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Cube for data input/output, import and export

Project description

Cube for data input/output, import and export

Massive Store

The Massive Store is a CW store used to push massive amount of data using pure SQL logic, thus avoiding CW checks. It is faster than other CW stores (it does not check eid at each step, it use COPY FROM method), but is less safe (no data integrity securities), and does not return an eid while using create_entity function.

WARNING: This store may be only used with PostgreSQL for now, as it relies on the COPY FROM method, and on specific PostgreSQL tables to get all the indexes.

It should be used as following:

# Initialize the store store = MassiveObjectStore(session) # Initialize the Relation table store.init_rtype_table(‘Person’, ‘lives’, ‘Location’)

# Import logic … store.create_entity(‘Person’, …) store.create_entity(‘Location’, …)

# Flush the data in memory to sql database store.flush()

# Import logic … store.create_entity(‘Person’, …) store.create_entity(‘Location’, …) # Person_iid and location_iid are unique iid that are data dependant (e.g URI) store.relate_by_iid(person_iid, ‘lives’, location_iid) …

# Flush the data in memory to sql database store.flush()

# Build the meta data store.flush_meta_data()

# Convert the relation store.convert_relations(‘Person’, ‘lives’, ‘Location’)

# Clean the store / rebuild indexes store.cleanup()

In this case, iid_subj and iid_obj represent an unique id (e.g. uri, or id from the imported database) that can be used to create relations after importing entities.

RDF Store

The RDF Store is used to import RDF data into a CubicWeb data, based on a Yams <-> RDF schema conversion. The conversion rules are stored in a XY structure.

Building an XY structure

You have to create a file (usually called in your cube, and import the dataio version of xy:

from cubes.dataio import xy

You have to register the different prefixes (common prefixes as skos or foaf are already registered):

xy.register_prefix('diseasome', '')

By default, the entity type is based on the rdf property “rdf:type”, but you may changed it using:


It is also possible to give a specific callback to determine the entity type from the rdf properties:

def _rameau_etype_callback(rdf_properties):
    if 'skos:inScheme' in rdf_properties and 'skos:prefLabel' in rdf_properties:
       return 'Rameau'


The URI is fetched from the “rdf:about” property, and can be normalized using a specific callback:

def normalize_uri(uri):
    if uri.endswith('.rdf'):
       return uri[:-4]
    return uri


Defining the conversion rules

Then, you may write the conversion rules:

  • xy.add_equivalence allows you to add a basic equivalence between entity type / attribute / relations, and RDF properties. You may use “*” as a wild cart in the Yams part. E.g. for entity types:

    xy.add_equivalence('Gene', 'diseasome:genes')
    xy.add_equivalence('Disease', 'diseasome:diseases')

    E.g. for attributes:

    xy.add_equivalence('* name', 'diseasome:name')
    xy.add_equivalence('* label', 'rdfs:label')
    xy.add_equivalence('* label', 'diseasome:label')
    xy.add_equivalence('* class_degree', 'diseasome:classDegree')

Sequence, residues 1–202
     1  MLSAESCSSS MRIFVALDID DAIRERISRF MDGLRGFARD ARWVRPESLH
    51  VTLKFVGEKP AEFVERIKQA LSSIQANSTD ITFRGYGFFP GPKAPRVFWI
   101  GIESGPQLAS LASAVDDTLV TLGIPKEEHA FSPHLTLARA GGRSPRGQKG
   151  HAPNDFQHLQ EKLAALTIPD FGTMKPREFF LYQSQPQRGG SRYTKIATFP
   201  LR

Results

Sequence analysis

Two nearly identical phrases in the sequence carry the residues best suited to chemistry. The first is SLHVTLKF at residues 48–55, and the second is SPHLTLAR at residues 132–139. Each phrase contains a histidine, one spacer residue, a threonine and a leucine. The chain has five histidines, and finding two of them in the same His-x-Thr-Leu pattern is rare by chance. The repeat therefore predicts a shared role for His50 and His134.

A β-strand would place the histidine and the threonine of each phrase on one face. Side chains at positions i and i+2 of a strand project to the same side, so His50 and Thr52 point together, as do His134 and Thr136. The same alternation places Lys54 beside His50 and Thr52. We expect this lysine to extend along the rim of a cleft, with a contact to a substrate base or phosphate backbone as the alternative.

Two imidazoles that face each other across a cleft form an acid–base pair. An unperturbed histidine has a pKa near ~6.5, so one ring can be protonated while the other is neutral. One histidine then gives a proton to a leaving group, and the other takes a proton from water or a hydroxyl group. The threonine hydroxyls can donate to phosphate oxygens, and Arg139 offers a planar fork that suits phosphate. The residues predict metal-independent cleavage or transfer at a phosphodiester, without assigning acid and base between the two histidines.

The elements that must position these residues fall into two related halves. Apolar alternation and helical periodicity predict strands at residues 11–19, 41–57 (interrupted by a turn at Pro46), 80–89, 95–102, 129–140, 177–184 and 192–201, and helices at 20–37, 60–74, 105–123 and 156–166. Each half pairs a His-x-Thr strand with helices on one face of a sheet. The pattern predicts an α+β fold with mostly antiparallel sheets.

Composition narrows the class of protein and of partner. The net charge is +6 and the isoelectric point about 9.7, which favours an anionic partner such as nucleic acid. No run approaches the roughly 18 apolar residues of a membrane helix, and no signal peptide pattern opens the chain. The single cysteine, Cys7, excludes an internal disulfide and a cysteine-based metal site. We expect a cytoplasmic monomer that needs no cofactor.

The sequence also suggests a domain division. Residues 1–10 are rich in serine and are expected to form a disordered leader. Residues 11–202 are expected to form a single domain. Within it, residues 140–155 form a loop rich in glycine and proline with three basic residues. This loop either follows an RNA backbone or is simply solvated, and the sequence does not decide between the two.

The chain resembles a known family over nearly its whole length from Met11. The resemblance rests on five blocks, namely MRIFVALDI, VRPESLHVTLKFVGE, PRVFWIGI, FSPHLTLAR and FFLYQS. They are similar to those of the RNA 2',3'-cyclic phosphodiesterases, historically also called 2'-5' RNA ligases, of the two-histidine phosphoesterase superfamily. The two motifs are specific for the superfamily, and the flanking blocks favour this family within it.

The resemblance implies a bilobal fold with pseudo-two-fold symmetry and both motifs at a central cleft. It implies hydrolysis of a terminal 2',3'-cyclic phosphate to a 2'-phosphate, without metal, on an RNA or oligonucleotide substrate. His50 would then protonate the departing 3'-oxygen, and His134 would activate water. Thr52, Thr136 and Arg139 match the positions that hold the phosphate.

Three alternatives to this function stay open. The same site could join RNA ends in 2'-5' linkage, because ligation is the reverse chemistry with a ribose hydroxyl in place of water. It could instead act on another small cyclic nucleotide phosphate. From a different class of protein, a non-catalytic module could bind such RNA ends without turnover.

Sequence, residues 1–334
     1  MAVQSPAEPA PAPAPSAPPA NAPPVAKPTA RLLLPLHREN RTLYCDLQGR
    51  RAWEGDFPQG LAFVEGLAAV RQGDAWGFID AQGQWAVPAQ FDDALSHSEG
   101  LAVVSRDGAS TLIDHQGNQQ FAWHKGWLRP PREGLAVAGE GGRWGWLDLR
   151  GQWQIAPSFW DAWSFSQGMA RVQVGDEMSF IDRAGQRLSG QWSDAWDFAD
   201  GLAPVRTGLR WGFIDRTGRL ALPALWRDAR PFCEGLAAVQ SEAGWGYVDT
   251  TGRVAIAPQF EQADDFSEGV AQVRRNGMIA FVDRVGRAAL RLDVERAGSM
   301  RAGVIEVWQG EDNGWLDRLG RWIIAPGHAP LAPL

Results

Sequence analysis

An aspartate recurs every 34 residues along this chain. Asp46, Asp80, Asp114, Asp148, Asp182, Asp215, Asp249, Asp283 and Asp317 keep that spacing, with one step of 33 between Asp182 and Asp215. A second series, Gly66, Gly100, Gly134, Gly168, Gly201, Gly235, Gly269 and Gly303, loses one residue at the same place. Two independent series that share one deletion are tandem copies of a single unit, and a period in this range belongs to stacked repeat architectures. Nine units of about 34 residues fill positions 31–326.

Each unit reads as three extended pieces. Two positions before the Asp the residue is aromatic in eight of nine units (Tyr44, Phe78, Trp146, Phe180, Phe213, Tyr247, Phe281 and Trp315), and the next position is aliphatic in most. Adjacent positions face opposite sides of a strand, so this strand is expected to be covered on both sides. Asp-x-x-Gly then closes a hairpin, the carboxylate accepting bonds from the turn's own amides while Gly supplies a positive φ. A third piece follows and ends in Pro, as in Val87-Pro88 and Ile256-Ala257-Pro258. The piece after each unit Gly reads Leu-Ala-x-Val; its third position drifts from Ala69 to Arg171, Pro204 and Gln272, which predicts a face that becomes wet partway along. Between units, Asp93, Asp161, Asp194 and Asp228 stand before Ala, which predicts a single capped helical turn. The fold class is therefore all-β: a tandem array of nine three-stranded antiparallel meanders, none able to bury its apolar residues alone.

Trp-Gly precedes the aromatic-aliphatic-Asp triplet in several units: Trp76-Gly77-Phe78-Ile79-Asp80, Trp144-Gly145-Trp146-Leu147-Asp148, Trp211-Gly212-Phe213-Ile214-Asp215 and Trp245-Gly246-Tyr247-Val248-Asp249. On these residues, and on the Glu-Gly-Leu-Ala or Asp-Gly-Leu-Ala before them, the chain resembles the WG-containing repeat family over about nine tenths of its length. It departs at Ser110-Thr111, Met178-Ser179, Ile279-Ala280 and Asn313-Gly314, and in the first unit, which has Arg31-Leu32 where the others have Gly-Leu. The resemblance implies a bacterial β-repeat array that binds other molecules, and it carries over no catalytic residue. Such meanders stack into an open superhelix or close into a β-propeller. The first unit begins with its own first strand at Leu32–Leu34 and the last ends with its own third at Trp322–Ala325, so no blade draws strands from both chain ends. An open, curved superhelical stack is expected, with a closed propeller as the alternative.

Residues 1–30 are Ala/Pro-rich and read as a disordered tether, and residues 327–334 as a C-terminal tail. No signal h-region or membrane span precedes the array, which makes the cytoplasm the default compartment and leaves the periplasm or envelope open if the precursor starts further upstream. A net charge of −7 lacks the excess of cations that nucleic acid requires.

xy.add_equivalence('* size', 'diseasome:size')

    E.g. for relations:

    xy.add_equivalence('Disease close_match ExternalUri', 'diseasome:classes')
    xy.add_equivalence('Disease subtype_of Disease', 'diseasome:diseaseSubtypeOf')
    xy.add_equivalence('Disease associated_genes Gene', 'diseasome:associatedGene')
    xy.add_equivalence('Disease chromosomal_location ExternalUri', 'diseasome:chromosomalLocation')
    xy.add_equivalence('* sameas ExternalUri', 'owl:sameAs')
    xy.add_equivalence('Gene gene_id ExternalUri', 'diseasome:geneId')
    xy.add_equivalence('Gene bio2rdf_symbol ExternalUri', 'diseasome:bio2rdfSymbol')
  • A base URI can be given to automatically determine if a Resource should be considered as an external URI or an internal relation:


    A more complex logic can be used by giving a specific callback:

    def externaluri_callback(uri):
        if uri.startswith(''):
           if uri.endswith('disease') or uri.endswith('gene'):
              return False
           return True
        return True

The values of attributes are built based on the Yams type. But you could use a specific callback to compute the correct values from the rdf properties:

def _convert_date(_object, datetime_format='%Y-%m-%d'):
    """ Convert an rdf value to a date """
       return datetime.strptime(_object.format(), datetime_format)
       return None

xy.register_attribute_callback('Date', _convert_date)


def format_isbn(rdf_properties):
    if 'bnf-onto:isbn' in rdf_properties:
       isbn = rdf_properties['bnf-onto:isbn'][0]
       isbn = [i for i in isbn if i in '0123456789']
       return int(''.join(isbn)) if isbn else None

xy.register_attribute_callback('Manifestation formatted_isbn', format_isbn)

Importing data

Data may thus be imported using the “import-rdf” command of cubicweb-ctl:

cubicweb-ctl import-rdf <my-instance> <filer-or-folder>

The default library used for reading the data is “rdflib” but one may use “librdf” using the “–lib” option.

It is also possible to force the rdf-format (it is automatically determined, but this may sometimes lead to errors), using the “–rdf-format” option.

Exporting data

The view ‘rdf’ may be called and will create a RDF file from the result set. It is a modified version of the CubicWeb RDFView, that take into account the more complex conversion rules from the dataio cube. The format can also be forced (default is XML) using the “–format” option in the url (xml, n3 or nt).


Examples of use of dataio rdf import could be found in the nytimes and diseasome cubes.

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